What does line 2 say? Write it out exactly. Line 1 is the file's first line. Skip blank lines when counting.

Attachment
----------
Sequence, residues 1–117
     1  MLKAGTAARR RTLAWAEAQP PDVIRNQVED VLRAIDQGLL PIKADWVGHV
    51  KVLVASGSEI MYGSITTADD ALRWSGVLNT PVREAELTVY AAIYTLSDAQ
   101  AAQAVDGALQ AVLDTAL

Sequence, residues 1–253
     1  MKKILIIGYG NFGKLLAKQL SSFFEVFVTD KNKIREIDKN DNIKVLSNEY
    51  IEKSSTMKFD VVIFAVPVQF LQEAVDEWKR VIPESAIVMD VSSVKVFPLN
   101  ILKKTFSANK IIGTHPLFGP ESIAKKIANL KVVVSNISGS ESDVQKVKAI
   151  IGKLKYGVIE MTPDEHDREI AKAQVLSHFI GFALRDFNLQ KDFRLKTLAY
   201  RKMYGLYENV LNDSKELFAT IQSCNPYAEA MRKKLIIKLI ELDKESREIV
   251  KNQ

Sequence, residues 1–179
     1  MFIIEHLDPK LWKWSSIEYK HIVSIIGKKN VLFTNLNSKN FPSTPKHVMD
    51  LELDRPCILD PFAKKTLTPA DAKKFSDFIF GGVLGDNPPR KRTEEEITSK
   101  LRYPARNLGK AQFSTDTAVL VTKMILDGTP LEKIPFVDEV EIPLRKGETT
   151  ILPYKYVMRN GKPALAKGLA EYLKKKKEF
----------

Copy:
     1  MLKAGTAARR RTLAWAEAQP PDVIRNQVED VLRAIDQGLL PIKADWVGHV